Ontario child sexual exploitation probe leads to 60 arrests
A total of 250 charges expected after arrests in multiple jurisdictions and identify 14 victims
Police in Ontario have arrested 60 people who will collectively face almost 250 charges in a probe into the sexual exploitation of children over the internet.
The probe involved 99 search warrants executed across Ontario by multiple police forces.
Charges include child luring and making, possessing and distributing child pornography. A total of 14 victims have also been identified and will be given counselling in their communities, police say.
Those charged range in age from teenagers to 63 years old.
- Map showing where the charges were filed
- Child sexual exploitation backgrounder.
- Background material on the investigation from the OPP.
OPP Supt. Don Bell called the arrests "another wakeup call to those who commit these monstrous crimes against children."
The OPP released an animated video showing IP address locations where child pornography had been downloaded or accessed.
The animation shows map locations in almost every area of Ontario.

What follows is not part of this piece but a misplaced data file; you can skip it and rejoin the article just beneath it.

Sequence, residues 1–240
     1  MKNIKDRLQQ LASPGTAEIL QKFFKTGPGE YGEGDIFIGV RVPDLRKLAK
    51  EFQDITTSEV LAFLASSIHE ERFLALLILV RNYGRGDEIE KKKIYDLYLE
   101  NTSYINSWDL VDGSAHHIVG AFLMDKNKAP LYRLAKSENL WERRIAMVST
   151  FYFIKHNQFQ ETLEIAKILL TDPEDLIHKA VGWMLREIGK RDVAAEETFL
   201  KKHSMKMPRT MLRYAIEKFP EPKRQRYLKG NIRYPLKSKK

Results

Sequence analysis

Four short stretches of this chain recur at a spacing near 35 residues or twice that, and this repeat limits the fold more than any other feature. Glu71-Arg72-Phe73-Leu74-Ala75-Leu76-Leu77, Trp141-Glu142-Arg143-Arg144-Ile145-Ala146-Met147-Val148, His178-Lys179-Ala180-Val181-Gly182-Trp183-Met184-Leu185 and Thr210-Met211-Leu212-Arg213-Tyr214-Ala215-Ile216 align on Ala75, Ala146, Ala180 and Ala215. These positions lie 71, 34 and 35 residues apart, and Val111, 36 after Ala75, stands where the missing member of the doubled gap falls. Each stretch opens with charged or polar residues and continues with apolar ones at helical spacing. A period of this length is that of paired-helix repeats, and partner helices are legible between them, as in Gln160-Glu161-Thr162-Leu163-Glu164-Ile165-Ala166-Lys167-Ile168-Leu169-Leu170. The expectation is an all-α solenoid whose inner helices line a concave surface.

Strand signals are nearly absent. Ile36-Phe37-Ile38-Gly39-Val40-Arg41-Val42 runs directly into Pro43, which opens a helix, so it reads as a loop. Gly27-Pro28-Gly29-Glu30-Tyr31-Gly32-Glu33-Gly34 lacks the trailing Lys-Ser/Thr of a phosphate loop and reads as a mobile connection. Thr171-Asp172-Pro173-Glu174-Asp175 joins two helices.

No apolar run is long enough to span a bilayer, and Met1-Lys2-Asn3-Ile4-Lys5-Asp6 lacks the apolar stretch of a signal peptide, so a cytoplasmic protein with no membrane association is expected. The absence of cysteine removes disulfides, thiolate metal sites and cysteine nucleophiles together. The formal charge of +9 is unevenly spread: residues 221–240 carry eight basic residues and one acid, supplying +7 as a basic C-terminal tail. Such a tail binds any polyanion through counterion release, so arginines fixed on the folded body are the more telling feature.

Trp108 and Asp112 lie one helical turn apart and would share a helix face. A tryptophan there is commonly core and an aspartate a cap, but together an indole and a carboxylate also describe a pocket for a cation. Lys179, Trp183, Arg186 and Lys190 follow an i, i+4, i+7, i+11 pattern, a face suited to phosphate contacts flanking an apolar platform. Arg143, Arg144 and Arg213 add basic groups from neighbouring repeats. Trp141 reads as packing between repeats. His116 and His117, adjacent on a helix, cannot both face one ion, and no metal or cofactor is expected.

"This is not just a big city problem," said OPP Insp. Scott Naylor, manager of the OPP's child exploitation unit.
The investigation was conducted by the Provincial Strategy to Protect Children from Sexual Abuse and Exploitation on the Internet, an umbrella group that co-ordinates the work of multiple police forces across the province. The strategy is an effort to have police in different jurisdictions working together to share information and combat what they say is a growing problem.
Frank Goldschmidt, the OPP's provincial strategy co-ordinator, said most of the people charged are not known to each other and were acting individually, not as a group.
Goldschmidt also said it's not possible that those charged simply stumbled upon the images during internet searches for other material.
"They go to the places on the internet where children are present," he said. "They go online, and they are very good at what they do in seeking out children that they want to prey upon."
He said in some of the cases, victims were encouraged to turn on their cameras to produce the material. In other instances, the material was photographed directly by the person charged.
Police at the news conference encouraged parents to take an active role in learning what their children are doing online.